The introduction of a number of simple mobile services in India has the potential to boost the income of two-thirds of the country’s small-scale farmers by up to $9 billion a year by 2020, according to a report by Vodafone.
The report, based on research conducted by Accenture Strategy with support from the Vodafone Foundation, found that using six basic mobile services – such as early weather warnings, harvesting best practices, access to financial services and improved communication channels between buyers and sellers – can increase 70 million farmers’ income by an average of $128 a year.
The average farming family in India lives on less than $4 a day, so the initiatives could increase their income by almost 9 per cent.
India is one of the world’s largest food producers in the world with more than 200 million people working in agriculture. About 62 per cent of farmers in India own less than one hectare of land, which significantly increases their exposure to the effects of crop failure, pests, disease and volatile market pricing, the report claimed.
The six mobile services identified that can transform farmers’ livelihoods are:
1. Agricultural information services that provide early warning of weather events, information on the best times to harvest and advice on crop techniques to enhance yields. These services could increase an estimated 60 million Indian farmers’ incomes by an average of $89 a year in 2020.
2. Receipt services to provide greater transparency in daily commodity supply chains, allowing farmers to raise their incomes by improving efficiency and eliminating fraud.
3. Simple and secure financial services that use mobile money payment systems, such as M-Pesa. Access to cost-effective micro-finance and quick and transparent e-payment systems could provide an annual benefit of $690 for some farmers in 2020, representing a 39 per cent increase in their average farming income.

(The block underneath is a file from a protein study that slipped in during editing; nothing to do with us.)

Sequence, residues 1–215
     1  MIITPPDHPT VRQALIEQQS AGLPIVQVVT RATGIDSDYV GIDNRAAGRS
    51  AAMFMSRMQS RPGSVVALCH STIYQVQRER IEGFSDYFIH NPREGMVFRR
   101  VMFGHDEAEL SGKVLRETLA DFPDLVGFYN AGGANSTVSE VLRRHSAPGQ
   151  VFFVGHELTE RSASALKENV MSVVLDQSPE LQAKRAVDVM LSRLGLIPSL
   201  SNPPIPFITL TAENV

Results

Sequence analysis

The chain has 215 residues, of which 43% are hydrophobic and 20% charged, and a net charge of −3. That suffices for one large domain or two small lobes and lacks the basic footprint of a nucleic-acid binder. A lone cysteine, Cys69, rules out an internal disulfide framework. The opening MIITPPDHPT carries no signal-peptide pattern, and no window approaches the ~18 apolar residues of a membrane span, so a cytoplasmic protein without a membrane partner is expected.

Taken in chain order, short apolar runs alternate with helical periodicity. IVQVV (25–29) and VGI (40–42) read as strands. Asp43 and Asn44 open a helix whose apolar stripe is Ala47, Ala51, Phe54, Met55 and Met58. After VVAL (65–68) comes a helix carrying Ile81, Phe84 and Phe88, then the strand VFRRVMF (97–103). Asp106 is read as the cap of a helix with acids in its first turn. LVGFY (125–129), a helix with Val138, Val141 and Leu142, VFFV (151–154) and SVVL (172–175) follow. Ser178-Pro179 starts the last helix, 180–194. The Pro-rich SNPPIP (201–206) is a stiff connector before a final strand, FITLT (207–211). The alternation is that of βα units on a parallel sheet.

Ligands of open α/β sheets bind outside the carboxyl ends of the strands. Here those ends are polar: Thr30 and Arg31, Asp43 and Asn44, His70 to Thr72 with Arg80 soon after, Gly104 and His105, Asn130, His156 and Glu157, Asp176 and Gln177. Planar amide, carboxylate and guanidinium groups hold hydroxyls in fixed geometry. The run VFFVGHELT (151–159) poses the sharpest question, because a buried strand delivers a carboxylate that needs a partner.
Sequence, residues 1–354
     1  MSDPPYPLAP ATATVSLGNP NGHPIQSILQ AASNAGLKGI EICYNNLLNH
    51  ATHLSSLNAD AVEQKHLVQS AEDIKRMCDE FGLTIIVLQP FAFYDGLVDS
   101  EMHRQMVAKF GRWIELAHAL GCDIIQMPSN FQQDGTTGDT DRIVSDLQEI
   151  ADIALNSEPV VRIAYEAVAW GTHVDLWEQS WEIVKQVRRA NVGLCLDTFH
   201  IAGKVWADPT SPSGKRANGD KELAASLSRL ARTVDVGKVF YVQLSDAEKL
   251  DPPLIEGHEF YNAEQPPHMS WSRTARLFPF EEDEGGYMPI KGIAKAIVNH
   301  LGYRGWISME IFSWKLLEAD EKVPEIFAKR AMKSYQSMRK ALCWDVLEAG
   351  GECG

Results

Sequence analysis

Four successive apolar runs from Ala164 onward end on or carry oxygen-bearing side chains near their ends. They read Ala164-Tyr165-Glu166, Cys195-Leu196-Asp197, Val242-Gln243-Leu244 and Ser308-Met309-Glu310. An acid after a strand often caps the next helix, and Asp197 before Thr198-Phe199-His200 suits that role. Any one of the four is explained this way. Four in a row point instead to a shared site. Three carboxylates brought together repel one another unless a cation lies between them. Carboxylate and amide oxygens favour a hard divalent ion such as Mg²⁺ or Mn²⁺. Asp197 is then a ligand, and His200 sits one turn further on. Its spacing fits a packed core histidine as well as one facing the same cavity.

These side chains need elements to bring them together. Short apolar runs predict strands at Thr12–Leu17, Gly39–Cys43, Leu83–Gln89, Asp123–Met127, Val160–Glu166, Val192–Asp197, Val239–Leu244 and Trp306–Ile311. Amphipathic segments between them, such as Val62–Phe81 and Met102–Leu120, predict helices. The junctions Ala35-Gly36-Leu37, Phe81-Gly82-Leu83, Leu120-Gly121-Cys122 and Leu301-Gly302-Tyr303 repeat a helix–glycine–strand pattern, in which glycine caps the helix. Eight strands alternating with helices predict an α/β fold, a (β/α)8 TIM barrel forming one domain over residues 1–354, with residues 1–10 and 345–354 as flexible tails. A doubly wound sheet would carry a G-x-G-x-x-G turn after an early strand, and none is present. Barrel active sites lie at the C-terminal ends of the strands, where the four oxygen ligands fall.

4. Digital field audits that monitor quality, sustainability and certification requirements. The move away from paper records and adopting electronic reporting via tablets and mobile data can improve efficiency and potentially increase annual average income by $612 for some farmers.
5. Local supply-chain information services, linked with mobile money systems, that enable small-scale producers to transact with local co-operatives. These could boost some farmers’ annual incomes by $271 in 2020.
6. Smartphone-enabled services that can provide richer sources of information than is possible with SMS and voicemail services. Advanced and affordable mobile services could lead to an increase in average annual farming incomes of $675 for more than four million farmers in 2020.
Vodafone also announced it is expanding its Farmers’ Club into four new emerging markets – India, Ghana, Kenya and Tanzania.
The Vodafone Farmers’ Club is a social business model that offers a range of mobile services to help farmers boost productivity. It was first launched in Turkey in 2009. Vodafone said the services offered in each country will vary but will include information services, virtual marketplaces in which farmers can sell their produce and mobile money financial services.
Vodafone said it will also develop a variant of the Farmers’ Club concept for farmers in New Zealand, a country with an advanced agricultural industry. Vodafone New Zealand is harnessing its extensive rural network to connect farms, agribusinesses and rural communities, helping to drive productivity, profitability and innovation, it said.